More than $1 billion is expected to be generated worldwide from just four events in the Coachella Valley this year, including the Coachella music festival starting Friday in Indio.
Collectively, $1.4 billion in profits is projected this year from the Coachella and Stagecoach festivals, Indio City Services Manager Jim Curtis said.
More than half of the that, $805 million, will go to the Coachella Valley, while the city of Indio is expected to rake in around $212 million.
Top news of the day
The forecasts come from Michael Bracken, an economic analyst from Development Management Group in Palm Desert, who spoke at a joint press conference by the Palm Springs Desert Resorts Convention & Visitors Bureau and the Coachella Valley Economic Partnership in March 2016.
Bracken said this year that assistance in understanding the projections would be at "the direction of the Festival Ownership AEG/Goldenvoice."
Bracken did not elaborate on his relationship with AEG and Goldenvoice, who put on Coachella and Stagecoach, and it is unclear if this relationship existed in 2016 when the original economic impact projections were announced.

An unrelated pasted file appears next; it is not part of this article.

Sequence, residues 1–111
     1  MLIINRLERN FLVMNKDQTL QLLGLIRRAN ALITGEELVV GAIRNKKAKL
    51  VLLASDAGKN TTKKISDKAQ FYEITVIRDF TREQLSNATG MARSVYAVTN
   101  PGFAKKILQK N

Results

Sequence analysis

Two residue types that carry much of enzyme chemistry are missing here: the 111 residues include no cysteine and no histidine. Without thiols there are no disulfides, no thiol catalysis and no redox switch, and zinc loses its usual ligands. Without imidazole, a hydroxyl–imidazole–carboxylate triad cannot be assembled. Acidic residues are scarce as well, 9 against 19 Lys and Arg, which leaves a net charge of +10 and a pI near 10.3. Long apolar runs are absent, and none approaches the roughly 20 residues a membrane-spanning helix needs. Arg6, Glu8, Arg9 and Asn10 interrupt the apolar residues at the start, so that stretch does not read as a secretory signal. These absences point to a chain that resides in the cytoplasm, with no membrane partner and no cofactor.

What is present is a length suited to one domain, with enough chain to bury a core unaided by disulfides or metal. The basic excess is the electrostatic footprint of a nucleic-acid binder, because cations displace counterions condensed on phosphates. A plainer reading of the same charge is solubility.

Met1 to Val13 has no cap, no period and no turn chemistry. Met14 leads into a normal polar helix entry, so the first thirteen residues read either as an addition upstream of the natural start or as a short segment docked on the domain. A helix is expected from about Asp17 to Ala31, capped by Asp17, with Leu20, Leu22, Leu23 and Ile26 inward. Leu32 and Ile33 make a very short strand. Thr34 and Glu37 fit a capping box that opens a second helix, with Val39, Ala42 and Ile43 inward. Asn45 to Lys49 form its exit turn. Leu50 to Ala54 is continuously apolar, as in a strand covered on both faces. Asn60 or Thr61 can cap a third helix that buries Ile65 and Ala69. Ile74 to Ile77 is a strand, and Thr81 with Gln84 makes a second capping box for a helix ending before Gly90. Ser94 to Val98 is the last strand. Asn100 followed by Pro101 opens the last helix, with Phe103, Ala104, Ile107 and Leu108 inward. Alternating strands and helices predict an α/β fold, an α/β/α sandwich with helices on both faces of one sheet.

Curtis said the projected gains come from five Goldenvoice Coachella Valley festivals from 2016 -- one of which, Desert Trip, only ran in that year.
According to according to a March 2016 Press Enterprise article, Bracken calculated the projections from an average 273,000 attendees expected at the festivals.
On average, festivalgoers will pay an average of around $2,500 each to attend Coachella, according to a Money article from March of last year.
This includes a wristband to the festival, airfare, a weekend stay at a mid-range hotel, shuttle, food and, of course, libations.
The average excess is nothing compared with some of the most exclusive parties, some of which are operated by Goldenvoice.
One of the most talked about exclusive events is, in fact, Goldenvoice's lavish party at the Zenyara Estate, a 40-acre site that easily can accommodate over 1,000 guests.
Zenyara normally rents out to vacationers for $50,000 per day from an undisclosed real estate group in Los Angeles, according to the estate's marketing manager LVH Global.
However, for three weeks Goldenvoice locks down the lavish property at what Forbes' magazine estimated last year is around $350,000 per day.
LVH Global CEO Amir Benesh saidt he could not give any specific details on the rental agreement between Goldenvoice and the Los Angeles real estate agency -- which he did confirm was American owned. However, he did say that the prices are dependent on the amount of people expected per day.